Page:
End of Life Care

End of life care can be a very emotional rollercoaster, for all those involved. Saying goodbye to a loved one can often be a very difficult road, especially when dealing with a terminal illness. Within our community in Schenectady, there are many end of life care resources worth looking into.  One of the biggest centers that specialize in palliative care is Saint Peters Health Partners, located in Albany, New York. Palliative care is something I didn’t know about before entering our unit on terminal illnesses and I think many other people also don’t know about these options as well. Palliative care is specialized medical care for those dealing with a serious, terminal illness.

In treatment, a patients healthcare team focuses on the following:

  • How to understand a person’s illness
  • How to assist family members and loved ones during such a difficult time
  • How to reduce stress and anxiety surrounding their diagnosis
  • How to manage pain and other uncomfortable symptoms

This type of treatment provides relief for many sufferers and gives them the hope they need to keep going. Below is a link to a video about palliative care and how it directly affects patients and their families, located on the Saint Peters Health Partners page. Neil Brown talks about his struggles with terminal illness and the positive effects palliative care has given him.

I found this video incredibly moving and it really shocked me how little was known about palliative care. Even Neil was close to giving up until he found out about this alternate method of care. I think it is incredibly important to spread information and awareness about these serious topics. This allows the people in need to not feel hopeless and know they have options even if it feels like they’re trapped by their diagnosis.

Saint Peters Health Partners has both inpatient and outpatient care plans, with specialized cancer and cardiac services.  For those who are concerned about money or don’t have insurance, Saint Peters Health Partners has this covered as well. AIM (Advanced Illness Management) provides support for families and patients struggling to afford medical insurance to cover the cost of home-based palliative care. The program includes a full time registered nurse and social worker with a combination of in home visits and phone calls with the goal of improving end of life care for those who cannot afford the proper treatment.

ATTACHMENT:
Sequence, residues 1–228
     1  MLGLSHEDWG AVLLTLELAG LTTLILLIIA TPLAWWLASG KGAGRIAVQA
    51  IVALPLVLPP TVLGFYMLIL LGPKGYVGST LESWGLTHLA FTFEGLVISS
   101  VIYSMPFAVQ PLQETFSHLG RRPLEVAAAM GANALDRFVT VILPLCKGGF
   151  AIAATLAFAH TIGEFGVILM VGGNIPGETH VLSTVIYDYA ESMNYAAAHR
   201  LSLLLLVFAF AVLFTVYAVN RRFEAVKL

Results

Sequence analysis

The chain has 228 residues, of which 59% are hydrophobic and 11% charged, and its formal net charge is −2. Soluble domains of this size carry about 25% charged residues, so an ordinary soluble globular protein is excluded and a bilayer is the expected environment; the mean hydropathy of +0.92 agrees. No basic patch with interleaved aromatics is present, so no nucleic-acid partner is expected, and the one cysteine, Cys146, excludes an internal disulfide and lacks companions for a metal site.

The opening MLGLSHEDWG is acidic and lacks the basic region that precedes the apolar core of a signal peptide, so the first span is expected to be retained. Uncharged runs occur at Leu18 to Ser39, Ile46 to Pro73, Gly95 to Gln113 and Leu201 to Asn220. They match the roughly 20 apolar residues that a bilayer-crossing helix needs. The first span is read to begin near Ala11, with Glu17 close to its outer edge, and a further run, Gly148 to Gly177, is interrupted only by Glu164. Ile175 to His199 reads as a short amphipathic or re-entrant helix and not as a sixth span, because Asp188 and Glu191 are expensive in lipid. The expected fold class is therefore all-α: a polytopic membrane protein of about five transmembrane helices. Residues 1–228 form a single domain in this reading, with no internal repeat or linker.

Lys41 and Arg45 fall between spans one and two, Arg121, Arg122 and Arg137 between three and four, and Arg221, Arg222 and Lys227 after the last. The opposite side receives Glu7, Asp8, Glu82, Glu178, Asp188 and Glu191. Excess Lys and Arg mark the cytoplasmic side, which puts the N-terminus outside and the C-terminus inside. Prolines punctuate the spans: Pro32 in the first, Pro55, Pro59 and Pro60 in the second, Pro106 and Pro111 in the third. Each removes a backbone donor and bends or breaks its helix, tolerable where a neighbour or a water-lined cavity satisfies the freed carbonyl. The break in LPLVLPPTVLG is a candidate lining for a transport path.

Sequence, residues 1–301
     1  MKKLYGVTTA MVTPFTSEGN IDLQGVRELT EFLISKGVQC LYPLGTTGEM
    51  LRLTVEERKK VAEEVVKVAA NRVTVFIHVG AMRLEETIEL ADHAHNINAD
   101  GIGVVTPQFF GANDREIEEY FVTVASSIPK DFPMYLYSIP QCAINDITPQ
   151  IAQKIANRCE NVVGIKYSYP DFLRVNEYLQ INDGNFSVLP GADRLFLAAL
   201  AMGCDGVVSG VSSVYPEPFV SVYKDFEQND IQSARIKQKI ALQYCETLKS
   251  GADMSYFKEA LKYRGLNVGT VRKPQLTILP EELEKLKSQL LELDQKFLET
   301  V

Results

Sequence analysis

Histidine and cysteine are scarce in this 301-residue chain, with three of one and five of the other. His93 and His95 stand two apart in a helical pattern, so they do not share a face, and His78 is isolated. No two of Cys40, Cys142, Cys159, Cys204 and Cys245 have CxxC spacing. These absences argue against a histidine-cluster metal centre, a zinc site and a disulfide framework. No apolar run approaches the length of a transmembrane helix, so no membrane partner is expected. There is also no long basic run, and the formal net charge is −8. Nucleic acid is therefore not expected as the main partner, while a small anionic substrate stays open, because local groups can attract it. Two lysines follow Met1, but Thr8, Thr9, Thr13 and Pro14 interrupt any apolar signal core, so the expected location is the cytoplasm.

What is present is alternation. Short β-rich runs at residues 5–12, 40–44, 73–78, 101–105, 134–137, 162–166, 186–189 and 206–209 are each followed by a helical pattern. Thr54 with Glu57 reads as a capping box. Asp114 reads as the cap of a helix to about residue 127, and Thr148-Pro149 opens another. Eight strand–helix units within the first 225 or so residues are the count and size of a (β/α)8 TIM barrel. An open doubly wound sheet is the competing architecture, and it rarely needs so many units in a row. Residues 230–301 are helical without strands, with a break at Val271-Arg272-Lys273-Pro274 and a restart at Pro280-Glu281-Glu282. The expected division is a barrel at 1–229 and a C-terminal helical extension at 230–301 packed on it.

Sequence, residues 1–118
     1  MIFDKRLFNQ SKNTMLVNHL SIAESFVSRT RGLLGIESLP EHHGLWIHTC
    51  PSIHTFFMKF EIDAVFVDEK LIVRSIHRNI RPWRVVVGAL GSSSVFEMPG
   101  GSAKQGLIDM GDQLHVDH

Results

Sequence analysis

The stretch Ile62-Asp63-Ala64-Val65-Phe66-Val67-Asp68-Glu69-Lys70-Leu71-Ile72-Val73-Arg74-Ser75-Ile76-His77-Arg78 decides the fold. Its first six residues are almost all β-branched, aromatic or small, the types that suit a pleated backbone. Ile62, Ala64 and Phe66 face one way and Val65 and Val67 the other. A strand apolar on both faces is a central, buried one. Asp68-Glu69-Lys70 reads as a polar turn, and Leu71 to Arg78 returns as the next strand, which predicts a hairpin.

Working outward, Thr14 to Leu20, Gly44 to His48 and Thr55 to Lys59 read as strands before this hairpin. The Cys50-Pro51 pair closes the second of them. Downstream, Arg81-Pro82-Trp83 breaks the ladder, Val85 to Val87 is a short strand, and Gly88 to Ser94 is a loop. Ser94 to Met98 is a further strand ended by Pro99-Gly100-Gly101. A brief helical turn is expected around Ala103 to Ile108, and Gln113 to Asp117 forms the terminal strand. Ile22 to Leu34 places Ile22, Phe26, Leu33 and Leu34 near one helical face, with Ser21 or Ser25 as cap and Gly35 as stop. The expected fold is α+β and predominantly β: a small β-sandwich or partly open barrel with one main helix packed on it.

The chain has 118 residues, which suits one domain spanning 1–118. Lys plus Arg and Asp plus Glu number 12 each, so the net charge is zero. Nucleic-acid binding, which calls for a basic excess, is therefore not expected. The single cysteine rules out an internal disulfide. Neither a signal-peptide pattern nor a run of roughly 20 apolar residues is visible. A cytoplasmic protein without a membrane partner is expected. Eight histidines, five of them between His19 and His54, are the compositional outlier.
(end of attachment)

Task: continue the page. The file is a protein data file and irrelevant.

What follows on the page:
The photo above shows a doctor explaining to loved ones a planned care outline for their loved one struggling with a critical illness. Source: https://www.timesunion.com/local/article/Help-for-the-suffering-2210709.php

While palliative care is a great treatment option for some patients, hospice care is also available for those who would prefer it. The Community Hospice of Schenectady is an end of life care facility for those with 6 months or less to live. Their goal is to keep patients as comfortable as possible during their final time. Other hospice care options outside of Schenectady include The Community Hospice Inn and The Community Hospice of Amsterdam. Overall Schenectady and the surrounding area try to provide the best level of care in such unfortunate situations.






Health Care Access

Local Healthcare Facilities for Owners

Within the the city of Schenectady and surrounding area there are dozens of healthcare facilities. Some local primary care options include Ellis Medicine Primary Care at Mohawk Harbor and Ellis Primary Care Nott Street. If there is an emergency, Ellis Hospital is located on Nott Street. They have some of the best doctors in the state of New York working together throughout this pandemic. Ellis hospital also provides a free shuttle to the hospital that stops at local homeless centers. This allows the citizens of Schenectady to get the proper medical care despite financial restraints. If someone is unable to pay for a health service they need, the Schenectady Family Health Center and Capital City Rescue Mission both offer free medical assistance.

Local Healthcare Facilities for Pets 

Within the local community of Schenectady there are thousands of animal lovers! Myself included! Schenectady offers many wonderful animal shelters and veterinary clinics alike. The Animal Protective Foundation and Mohawk Hudson Humane Society have many dogs who need homes and would make a great addition to any family! Hernas Veterinary Clinic, Union Street Veterinary Hospital and Sunnyside Veterinary Hospital are located right in Schenectady and provide excellent veterinary care to all types of pets!


Resources For Families Struggling to Afford a Pet

  • Another wonderful addition of Schenectady is the Pet Food Pantry, available through the Animal Protective Foundation. The Pet Food Pantry supplies donated dog and cat food along with cat liter to the families who struggle to take care of their pet. This allows low income families to afford food for their beloved pets. It also helps lessen the financial burden that ultimately leads many families to surrender their pet.
  • The Pet Fund provides financial assistance to pet owners who are unable to afford minor procedures.